Global sourcing shifts in the U.S. textile and apparel industry: a cluster analysis

UNCG Author/Contributor (non-UNCG co-authors, if there are any, appear on document)
Vidyaranya B. Gargeya, Professor and Department Head (Creator)
Scott J. Richter, Professor (Creator)
Jin Su, Associate Professor (Creator)
The University of North Carolina at Greensboro (UNCG )
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Abstract: Globalization of the U.S. textile and apparel industry has been significantly spurred in the last decade by trade agreements such as the North American Free Trade Agreement (NAFTA), and the Caribbean Basin Initiative (CBI). In terms of the U.S. textile and apparel manufacturers and retailers, the competitive pressure from markets and consumers has forced many firms to rely increasingly on global sourcing to sustain competitiveness. In the last decade, U.S. textile and apparel manufacturers and retailers have been actively involved in global sourcing to find suppliers who could meet the criteria of low cost, high quality, reliable delivery, quick response time, and flexibility. The purpose of this study is to investigate the changes in U.S. global sourcing patterns for yarn, fabric, and apparel. Cluster analysis is used to analyze trade data in 1993 and 2002 in order to investigate the patterns of U.S. global sourcing of textile and apparel products.Results indicate that U.S. textiles and apparel sourcing patterns have shifted, with a substantially increased emphasis on apparel imports from Mexico and the CBI countries in 2002 as compared to imports from mainland China and Hong Kong in 1993. Sourcing patterns of yarn and fabric indicate that Mexico upgraded its place in U.S. imports of yarn and fabric in 2002. In addition, further longitudinal analysis of U.S. apparel imports from mainland China, Hong Kong, CBI countries, and Mexico, which were the major players in the U.S. global sourcing of apparel, shows that there was a dynamic change in the status of these four regions in terms of their respective percentage shares in U.S. apparel sourcing. The paper concludes that the U.S. textile and apparel global sourcing patterns in last decade reflect the dramatic changes in the competitive and dynamic global textile and apparel business environment. Global sourcing is indeed a fine-tuning business strategy that requires balanced and comprehensive consideration of economic, trade, environmental, and competitive factors.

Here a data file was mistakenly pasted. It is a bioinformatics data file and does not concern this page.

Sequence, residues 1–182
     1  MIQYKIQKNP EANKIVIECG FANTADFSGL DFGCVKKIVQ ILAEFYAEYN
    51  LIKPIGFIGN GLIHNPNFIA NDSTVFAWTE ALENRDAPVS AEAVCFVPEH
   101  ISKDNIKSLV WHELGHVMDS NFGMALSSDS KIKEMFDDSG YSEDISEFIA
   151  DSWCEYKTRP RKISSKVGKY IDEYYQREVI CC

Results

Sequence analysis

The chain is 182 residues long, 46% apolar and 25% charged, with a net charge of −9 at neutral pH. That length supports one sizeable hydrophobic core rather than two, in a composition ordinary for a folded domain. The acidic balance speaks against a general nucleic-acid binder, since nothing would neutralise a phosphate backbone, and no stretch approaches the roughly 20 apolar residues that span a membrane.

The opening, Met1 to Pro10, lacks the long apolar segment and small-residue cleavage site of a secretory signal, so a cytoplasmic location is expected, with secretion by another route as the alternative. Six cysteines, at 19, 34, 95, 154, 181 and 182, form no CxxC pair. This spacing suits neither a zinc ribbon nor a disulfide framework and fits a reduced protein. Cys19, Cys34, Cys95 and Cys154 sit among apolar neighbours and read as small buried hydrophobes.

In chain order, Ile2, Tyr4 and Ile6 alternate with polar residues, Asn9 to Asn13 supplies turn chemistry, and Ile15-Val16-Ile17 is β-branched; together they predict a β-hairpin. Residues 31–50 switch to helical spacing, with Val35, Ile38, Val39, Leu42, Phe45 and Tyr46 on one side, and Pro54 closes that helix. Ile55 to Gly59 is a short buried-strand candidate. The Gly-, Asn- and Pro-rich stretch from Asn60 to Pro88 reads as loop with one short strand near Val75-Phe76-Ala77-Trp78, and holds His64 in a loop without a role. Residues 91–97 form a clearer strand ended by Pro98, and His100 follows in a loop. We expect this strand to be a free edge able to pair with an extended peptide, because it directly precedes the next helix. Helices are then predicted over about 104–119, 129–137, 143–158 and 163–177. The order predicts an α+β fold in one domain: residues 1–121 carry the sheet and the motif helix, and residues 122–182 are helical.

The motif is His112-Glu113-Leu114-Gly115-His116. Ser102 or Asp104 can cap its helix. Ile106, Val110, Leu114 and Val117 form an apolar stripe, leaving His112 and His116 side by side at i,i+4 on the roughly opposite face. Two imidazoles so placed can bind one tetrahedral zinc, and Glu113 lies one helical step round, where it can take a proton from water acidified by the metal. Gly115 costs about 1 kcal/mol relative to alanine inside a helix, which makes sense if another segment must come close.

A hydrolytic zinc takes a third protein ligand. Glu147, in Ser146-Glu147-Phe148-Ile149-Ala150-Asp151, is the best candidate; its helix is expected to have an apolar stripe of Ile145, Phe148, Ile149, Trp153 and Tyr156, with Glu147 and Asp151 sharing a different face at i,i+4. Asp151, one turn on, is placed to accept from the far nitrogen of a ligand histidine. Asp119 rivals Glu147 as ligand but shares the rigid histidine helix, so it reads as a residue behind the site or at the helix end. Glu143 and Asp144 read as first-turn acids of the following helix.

Additional Information

The Journal of the Textile Institute?
Language: English
Date: 2005
Global sourcing, U.S. textile and apparel industry, textile and apparel trade, globalization, cluster analysis

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